South Carolina National Guard focuses on retaining current force




Story by 1st Lt. Tracci Dorgan

South Carolina National Guard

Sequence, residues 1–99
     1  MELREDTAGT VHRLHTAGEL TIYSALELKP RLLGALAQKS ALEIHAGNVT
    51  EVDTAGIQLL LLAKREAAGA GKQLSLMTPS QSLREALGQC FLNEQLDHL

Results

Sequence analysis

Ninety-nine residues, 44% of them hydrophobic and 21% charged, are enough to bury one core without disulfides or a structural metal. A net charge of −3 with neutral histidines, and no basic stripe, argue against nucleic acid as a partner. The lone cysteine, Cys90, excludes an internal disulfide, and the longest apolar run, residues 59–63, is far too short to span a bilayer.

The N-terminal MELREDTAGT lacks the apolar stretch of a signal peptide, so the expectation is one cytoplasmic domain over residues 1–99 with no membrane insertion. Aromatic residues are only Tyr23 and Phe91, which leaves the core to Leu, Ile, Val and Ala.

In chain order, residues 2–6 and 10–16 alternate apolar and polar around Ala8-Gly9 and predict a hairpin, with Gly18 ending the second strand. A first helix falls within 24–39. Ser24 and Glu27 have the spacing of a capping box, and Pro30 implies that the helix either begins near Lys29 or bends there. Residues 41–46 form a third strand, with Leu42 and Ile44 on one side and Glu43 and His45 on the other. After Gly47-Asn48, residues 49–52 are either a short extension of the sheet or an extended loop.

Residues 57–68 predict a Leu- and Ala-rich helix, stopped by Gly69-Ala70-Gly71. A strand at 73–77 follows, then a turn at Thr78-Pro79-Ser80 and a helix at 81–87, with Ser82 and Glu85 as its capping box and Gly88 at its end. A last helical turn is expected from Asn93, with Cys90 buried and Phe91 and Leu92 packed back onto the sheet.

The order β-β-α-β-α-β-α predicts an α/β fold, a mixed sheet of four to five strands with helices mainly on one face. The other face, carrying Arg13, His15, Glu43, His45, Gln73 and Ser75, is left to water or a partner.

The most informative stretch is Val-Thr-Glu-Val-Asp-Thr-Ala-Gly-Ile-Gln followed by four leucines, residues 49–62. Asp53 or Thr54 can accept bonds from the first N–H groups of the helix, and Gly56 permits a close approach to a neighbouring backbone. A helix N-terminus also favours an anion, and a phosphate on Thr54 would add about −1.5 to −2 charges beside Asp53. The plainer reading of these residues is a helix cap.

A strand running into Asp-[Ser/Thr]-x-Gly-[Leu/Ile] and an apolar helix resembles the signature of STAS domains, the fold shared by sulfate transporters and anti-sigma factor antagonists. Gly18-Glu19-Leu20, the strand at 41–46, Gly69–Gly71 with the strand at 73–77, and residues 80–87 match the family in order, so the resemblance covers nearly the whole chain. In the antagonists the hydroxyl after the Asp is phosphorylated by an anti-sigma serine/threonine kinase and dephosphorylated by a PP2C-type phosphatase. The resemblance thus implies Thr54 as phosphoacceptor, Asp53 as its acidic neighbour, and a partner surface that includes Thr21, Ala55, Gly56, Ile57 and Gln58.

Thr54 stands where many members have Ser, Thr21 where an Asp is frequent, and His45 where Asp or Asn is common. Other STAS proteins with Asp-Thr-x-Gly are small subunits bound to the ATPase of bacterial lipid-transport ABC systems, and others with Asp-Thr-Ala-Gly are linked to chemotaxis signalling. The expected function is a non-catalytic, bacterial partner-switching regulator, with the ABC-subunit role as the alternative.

COLUMBIA, S.C. -- The number of Soldiers in the South Carolina Army National Guard is directly tied to recruiters finding qualified applicants to guide them in enlisting into the military. After the recruiters assist in the initial enlistment for the Soldiers, it is up to other Soldiers, battle-buddies, and leaders within the force to help retain those Soldiers to remain a member of the South Carolina Army National Guard. In South Carolina Army National Guard units across the state, a retention specialist steps up to help keep Soldiers in the military. For example, due to the combined efforts of recruiters and retention specialists, the 1-178th Field Artillery Battalion, 678th Air Defense Artillery Brigade, is standing at 107 percent strength as of April 2019. “It is important to keep qualified Soldiers in the ranks for more than eight years…that is where experience and continuity come from,” said U.S. Army Capt. Charles Burgess, 1-178th Field Artillery Battalion, Bravo Battery commander. “This is where the unit retention specialist steps in. The retention specialist tracks the unit’s enlistment contracts and continually educates Soldiers on reenlistment options." One of the retention specialists for the 1-178th Field Artillery Battalion is U.S. Army Spc. Matthew Thompson, Bravo Battery cannon crewmember. “I focus on the list of Soldiers that are 180 days away from when their enlistment is done,” said Thompson. “I reach out to the Soldier and inform them on all opportunities available to them for reenlisting, focusing on their retirement plan or monetary bonuses. If they don't reenlist right then, I talk to them every drill after, to see what their obstacles or objectives are and when or if they will reenlist…I think that my follow-up and discussing their obstacles makes them feel important by the fact that someone cares enough to address their concerns and that the unit actually cares what their future could hold.” Thompson added, he’s seen the direct impact his efforts have had on the retention of Soldiers within Bravo Battery. “I have been the retention specialist for about a year now, in that time, seven Soldiers decided to reenlist,” continued Thompson. “A few reenlisted for monetary bonuses and a few others did it to get a better retirement. To those getting closer to retirement I stress the need for their leadership, experience, and mentorship they bring to the younger Soldiers…I believe the monetary bonus was a good incentive, but it did not apply to everyone. Less than half were eligible, so I had to find a way to entice a Soldier who is considering getting out of the guard.” Thompson’s efforts not only influence the careers of these Soldiers, but also impacts the ability of the unit to meet its mission. “Recruiting and retention is what keeps our units strong,” said Burgess. “Young troops need seasoned leaders to train them and mentor them, and to encourage them to continue their military careers so they can become the future leaders that young troops will need.” The Soldiers’ retention has also had a positive impact on Thompson. “Being able to help someone to stay in the guard and progress in their military career when they initially wanted to get out is the best part of my retention specialist position,” added Thompson. A Soldier who reenlisted this year was U.S. Army 1st Sgt. Jermain Jones, Bravo Battery first sergeant. “I have been in the Guard for 28 years, always in Field Artillery,” said Jones. “I reenlisted for two more years so I could stay with my troops. I feel as though I provide good mentorship because I haven't forgotten where I started out when I first enlisted in the guard and I want to provide them the information and leadership they deserve so they can have a great start to their career…Also, I don't think I would know what to do without the guard since I've been in for so long. I would probably still wake up on a weekend thinking I'm late for drill.” “I laugh a lot with my troops,” continued Jones. “I let them know I'm human and they can talk to me about anything and that they are an important part to the unit. I will really miss them when I do get out.” By continuing to talk to Soldiers who are coming to the end of their enlistment and educate them on how the South Carolina National Guard can provide resources and opportunities for those who remain in, it can create a stronger force with a wealth of knowledge and experience. “The 1-178th Field Artillery Battalion has done a good job with retention by focusing on the needs of the Soldiers and their Families,” said U.S. Army 1St Sgt. Shayne Widner, South Carolina Army National Guard Recruiting and Retention Battalion noncommissioned officer in charge. “They also had a strong recruiting push to get more new Soldiers in.” The South Carolina Army National Guard consists of more than 9,150 Soldiers assigned to Major Subordinate Commands across the state made up of numerous military occupational specialties. Current South Carolina Army National Guard Soldiers can learn more about resources and benefits available for reenlisting by contacting your unit retention specialist. To become a member of the South Carolina Army National Guard, contact a recruiter through the South Carolina National Guard mobile application available in respective app stores. DVIDS Link